During FY 1995, the FAA continued its efforts to improve human performance in the national airspace system through its research and development program. FAA personnel also developed a prototype automated performance measurement system to provide objective measures of crew and aircraft performance. Additionally, the FAA produced a Human Factors Guide for Aviation Maintenance, which provided maintenance managers with established principles of job design in a reference work suitable for daily use.
The FAA collaborated with NASA on a variety of projects relating to general aviation, from aircraft noise and emission reductions to innovative aircraft design. In the area of noise reduction, the two agencies reported to Congress their progress on technologies for subsonic aircraft, particularly propeller-driven airplanes and rotorcraft. The FAA also participated in a NASA study to develop a scientific basis for assessing the impact of aircraft emissions on the environment, particularly on the ozone layer and global climate change. Cockpit display and control technologies and civilian tiltrotor aircraft were two other topics of FAA-NASA cooperation. Near the end of the fiscal year, the FAA and NASA signed a Memorandum of Understanding (MOU) on Airspace System User Operational Flexibility and Productivity, which initiates joint research and development activities to improve the efficiency of the Nation's airspace system.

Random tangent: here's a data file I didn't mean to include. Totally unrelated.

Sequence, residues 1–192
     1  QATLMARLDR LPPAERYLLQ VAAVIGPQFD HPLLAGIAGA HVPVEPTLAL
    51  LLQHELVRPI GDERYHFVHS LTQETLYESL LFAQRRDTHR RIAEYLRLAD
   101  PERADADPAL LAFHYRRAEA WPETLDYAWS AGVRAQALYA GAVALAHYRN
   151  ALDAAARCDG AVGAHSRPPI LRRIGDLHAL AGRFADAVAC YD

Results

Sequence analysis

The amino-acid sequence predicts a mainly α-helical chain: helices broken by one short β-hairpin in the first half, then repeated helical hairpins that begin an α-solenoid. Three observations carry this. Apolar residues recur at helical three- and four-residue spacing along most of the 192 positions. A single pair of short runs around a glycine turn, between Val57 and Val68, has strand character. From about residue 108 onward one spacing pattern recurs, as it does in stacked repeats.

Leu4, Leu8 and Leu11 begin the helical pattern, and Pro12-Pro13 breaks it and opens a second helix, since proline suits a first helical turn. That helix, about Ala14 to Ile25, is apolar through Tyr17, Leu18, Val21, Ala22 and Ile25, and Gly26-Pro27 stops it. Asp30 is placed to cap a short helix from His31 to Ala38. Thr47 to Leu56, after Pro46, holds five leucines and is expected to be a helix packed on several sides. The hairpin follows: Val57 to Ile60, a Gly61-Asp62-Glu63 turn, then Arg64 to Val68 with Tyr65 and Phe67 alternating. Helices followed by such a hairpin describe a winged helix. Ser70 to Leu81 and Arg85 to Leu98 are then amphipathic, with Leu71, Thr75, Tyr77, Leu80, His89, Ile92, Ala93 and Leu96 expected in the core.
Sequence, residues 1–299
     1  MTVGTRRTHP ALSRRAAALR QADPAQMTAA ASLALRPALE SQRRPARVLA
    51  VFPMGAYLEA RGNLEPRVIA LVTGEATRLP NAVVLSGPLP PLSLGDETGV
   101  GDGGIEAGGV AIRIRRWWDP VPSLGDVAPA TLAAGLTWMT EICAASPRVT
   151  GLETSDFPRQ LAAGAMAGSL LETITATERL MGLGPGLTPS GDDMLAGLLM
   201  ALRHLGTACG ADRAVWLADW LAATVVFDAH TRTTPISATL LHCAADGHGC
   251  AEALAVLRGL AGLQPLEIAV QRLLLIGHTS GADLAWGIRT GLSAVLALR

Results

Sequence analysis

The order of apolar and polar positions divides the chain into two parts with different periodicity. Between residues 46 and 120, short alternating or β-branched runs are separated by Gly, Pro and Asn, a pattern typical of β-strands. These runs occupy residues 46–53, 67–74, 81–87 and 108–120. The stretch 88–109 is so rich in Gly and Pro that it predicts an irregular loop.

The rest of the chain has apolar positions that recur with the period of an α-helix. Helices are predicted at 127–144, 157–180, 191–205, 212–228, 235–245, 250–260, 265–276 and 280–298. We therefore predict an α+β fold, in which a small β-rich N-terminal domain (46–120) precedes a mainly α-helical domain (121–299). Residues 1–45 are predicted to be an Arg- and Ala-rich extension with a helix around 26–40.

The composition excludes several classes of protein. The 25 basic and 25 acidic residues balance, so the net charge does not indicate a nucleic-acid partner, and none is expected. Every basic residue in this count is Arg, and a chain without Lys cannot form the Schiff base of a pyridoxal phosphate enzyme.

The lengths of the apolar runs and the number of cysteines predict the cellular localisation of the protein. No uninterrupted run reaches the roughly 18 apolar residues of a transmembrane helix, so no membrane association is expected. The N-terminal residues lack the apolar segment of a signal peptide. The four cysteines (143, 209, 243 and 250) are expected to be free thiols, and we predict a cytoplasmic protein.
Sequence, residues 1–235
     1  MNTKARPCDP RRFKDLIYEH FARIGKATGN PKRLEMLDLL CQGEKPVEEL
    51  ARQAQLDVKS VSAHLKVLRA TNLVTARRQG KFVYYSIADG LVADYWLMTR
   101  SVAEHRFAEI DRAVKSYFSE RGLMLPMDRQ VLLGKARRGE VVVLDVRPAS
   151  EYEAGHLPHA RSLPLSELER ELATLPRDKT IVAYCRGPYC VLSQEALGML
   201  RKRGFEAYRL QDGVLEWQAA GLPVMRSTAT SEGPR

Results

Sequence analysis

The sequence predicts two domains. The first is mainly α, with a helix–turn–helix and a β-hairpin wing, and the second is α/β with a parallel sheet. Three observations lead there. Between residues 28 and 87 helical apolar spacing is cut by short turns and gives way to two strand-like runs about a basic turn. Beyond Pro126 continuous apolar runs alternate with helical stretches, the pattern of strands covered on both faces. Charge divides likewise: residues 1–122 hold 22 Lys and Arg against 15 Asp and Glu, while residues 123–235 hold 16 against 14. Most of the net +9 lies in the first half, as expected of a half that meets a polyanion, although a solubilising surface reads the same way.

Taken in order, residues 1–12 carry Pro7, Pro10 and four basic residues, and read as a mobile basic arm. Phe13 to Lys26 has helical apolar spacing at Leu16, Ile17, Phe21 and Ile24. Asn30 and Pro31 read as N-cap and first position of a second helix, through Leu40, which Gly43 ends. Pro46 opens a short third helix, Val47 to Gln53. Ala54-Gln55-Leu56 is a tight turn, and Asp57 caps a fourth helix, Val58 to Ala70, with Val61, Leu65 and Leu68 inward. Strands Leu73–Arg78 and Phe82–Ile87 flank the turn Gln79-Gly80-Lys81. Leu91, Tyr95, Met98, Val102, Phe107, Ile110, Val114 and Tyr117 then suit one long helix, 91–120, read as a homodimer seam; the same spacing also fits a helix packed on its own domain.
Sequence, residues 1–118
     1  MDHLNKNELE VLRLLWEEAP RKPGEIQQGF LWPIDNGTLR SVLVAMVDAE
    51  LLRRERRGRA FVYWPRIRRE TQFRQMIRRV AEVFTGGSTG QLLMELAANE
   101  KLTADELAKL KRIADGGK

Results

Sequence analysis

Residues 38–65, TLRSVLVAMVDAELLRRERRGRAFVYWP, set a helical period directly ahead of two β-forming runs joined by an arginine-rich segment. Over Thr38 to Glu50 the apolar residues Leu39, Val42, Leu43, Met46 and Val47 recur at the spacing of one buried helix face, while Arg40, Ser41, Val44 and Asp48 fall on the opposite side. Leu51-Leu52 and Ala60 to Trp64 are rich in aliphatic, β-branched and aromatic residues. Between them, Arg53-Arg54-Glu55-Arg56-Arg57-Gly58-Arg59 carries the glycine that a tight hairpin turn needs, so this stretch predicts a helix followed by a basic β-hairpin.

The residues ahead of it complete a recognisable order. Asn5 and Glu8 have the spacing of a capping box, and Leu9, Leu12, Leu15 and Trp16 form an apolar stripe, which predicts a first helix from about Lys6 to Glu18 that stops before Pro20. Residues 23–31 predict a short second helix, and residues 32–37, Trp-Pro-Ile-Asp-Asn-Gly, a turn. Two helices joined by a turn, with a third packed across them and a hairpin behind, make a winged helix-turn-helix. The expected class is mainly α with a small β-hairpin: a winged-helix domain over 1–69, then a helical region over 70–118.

Office of Commercial Space Transportation (OCST)